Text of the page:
I propose the fairy tale response. You want to talk to us about regulating children’s access to video games? Okay, well, we’re the King, and you’re the Prince wanting our daughter’s hand in marriage. To get her you need to pass some tasks that we set to show that you’re worthy, and not just a nasty, useless chancer who wants access to power. First of all, let’s see the government get control of law and order. That’s one of your basic tasks. No more burglaries that don’t get investigated. No more convicted murderers walking the streets. No more arresting people for jokes on Twitter. You have five years to get that sorted. If you succeed, come back to us, and maybe then we’ll listen to your talk about video games.
But before then you’ll need to do a few more tasks to prove yourself worthy. We don’t just give away our daughter to someone who can perform one of his duties, but who neglects the rest. So the next task is to go to the highest tower and… No, here’s a better idea. Get control of the borders. No more letting in hairy grown men who pretend they’re children. No more letting millions of illegal immgrants stay. No more letting jihadists come back in. No more banning right-wing journalists from entry. You get another five years to do that. We can’t pretend that we have any great optimism that you’ll achieve this, but our daughter is a princess, and we can’t have her getting schtupped by an enemy agent in disguise, can we?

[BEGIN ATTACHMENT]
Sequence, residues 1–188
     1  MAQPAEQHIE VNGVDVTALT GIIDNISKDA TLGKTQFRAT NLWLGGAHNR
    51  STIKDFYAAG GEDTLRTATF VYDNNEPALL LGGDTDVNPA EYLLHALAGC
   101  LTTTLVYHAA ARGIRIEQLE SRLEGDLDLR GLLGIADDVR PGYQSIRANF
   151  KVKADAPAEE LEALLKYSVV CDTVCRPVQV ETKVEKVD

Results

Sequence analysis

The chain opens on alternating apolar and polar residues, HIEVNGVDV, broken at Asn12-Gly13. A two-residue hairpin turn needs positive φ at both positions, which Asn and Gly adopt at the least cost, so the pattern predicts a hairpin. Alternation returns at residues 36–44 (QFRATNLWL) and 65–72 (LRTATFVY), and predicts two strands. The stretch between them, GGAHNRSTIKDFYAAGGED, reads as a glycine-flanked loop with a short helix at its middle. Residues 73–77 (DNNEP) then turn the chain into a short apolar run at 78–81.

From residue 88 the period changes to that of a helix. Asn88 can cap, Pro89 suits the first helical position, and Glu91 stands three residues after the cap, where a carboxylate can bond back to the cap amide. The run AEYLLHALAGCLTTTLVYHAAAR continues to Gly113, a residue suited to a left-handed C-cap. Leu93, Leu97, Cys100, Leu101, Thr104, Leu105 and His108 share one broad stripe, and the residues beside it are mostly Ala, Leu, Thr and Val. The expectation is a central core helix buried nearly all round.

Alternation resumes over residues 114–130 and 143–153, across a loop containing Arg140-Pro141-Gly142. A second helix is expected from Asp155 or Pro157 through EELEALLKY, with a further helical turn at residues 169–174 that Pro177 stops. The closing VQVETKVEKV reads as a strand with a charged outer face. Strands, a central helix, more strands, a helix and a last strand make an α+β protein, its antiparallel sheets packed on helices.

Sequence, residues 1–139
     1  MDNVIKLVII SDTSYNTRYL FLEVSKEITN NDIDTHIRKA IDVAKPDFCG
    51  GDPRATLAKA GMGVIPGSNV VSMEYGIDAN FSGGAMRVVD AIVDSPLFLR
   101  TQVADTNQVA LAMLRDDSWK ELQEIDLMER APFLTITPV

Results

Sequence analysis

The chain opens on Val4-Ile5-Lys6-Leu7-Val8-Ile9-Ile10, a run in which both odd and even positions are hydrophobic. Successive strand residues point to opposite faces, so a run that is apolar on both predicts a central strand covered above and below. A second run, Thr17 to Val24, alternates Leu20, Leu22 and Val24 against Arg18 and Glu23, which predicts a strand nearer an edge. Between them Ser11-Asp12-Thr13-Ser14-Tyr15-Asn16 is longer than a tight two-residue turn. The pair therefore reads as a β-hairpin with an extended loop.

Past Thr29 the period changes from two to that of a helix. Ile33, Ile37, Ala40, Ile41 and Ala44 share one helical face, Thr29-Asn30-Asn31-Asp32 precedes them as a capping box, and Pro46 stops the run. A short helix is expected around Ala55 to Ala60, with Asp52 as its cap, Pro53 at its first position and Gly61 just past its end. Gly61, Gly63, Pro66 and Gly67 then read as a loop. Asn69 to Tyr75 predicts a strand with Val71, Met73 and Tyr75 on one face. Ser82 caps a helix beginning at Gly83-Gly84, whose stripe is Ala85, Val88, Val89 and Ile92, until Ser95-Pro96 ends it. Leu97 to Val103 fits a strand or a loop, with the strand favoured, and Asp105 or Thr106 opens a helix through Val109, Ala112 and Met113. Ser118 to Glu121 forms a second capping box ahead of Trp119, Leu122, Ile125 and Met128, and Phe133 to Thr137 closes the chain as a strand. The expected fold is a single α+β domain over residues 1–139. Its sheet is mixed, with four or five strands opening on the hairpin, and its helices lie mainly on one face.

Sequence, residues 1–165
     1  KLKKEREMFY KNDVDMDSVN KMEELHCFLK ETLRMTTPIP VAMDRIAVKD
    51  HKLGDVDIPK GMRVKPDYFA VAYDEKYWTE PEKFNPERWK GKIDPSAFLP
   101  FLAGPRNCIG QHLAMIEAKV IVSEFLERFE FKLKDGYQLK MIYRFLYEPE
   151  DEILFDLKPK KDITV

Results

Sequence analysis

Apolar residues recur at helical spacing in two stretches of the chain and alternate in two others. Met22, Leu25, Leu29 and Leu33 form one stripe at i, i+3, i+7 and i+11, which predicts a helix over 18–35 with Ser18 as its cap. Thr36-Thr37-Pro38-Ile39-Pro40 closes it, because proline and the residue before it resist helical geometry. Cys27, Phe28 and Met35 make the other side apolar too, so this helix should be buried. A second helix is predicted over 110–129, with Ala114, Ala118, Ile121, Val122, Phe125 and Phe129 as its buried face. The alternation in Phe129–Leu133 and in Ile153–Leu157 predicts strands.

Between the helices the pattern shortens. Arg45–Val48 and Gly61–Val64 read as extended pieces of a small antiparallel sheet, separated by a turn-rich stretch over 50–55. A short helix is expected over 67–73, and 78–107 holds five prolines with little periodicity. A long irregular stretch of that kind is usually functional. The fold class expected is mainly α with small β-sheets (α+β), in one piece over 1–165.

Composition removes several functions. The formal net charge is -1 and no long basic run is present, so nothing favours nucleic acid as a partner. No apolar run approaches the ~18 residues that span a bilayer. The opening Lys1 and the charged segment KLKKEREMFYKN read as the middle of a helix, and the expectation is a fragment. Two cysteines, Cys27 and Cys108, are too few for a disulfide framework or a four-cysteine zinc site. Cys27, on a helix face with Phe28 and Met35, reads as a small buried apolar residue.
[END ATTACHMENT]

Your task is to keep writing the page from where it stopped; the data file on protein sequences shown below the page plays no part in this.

So prove that you’re on our side before you get to carry her over the threshold and throw her on the bed. When you’ve succeeded — and we still have our doubts — then come back and we may start taking you more seriously. (Although she may kick you in the balls herself.)
Until then get your eyes off our daughter, and be off with you. Earn some respect with your actions, and enough of this endless prattling. You’re not the smooth talker you think you are. Begone. You have much work to do to prove your worth.
Following on from my post from yesterday, you may wonder why it is that right-wingers — whether UK Conservatives, US Republicans, or Australian Liberals — are so in thrall to the other side. Why do the Conservatives get bossed about more easily by The Guardian than the views of the shires? Why is it that when the Conservatives claim to endorse the views of their voters they’re really only paying lip-service to them, and in reality they’re doing almost exactly the same as what Labour would do?
One important reason has to be that they are steeped in the culture of the other side. Most people in politics went to University, and have worked in a field like journalism, the civil service, academia, the City, the charity sector, a union, teaching, etc. And those fields are all drenched in progressive leftism. Most people in those fields (even the City, although obviously to a lesser extent than a Union), are progressive leftists. The Guardian and the BBC are the reference points. So even if someone is an out-and-out Tory, they’re swimming in a progressive pool, and getting marinated in the stuff. It gets into parts of their philosophy without them realising it.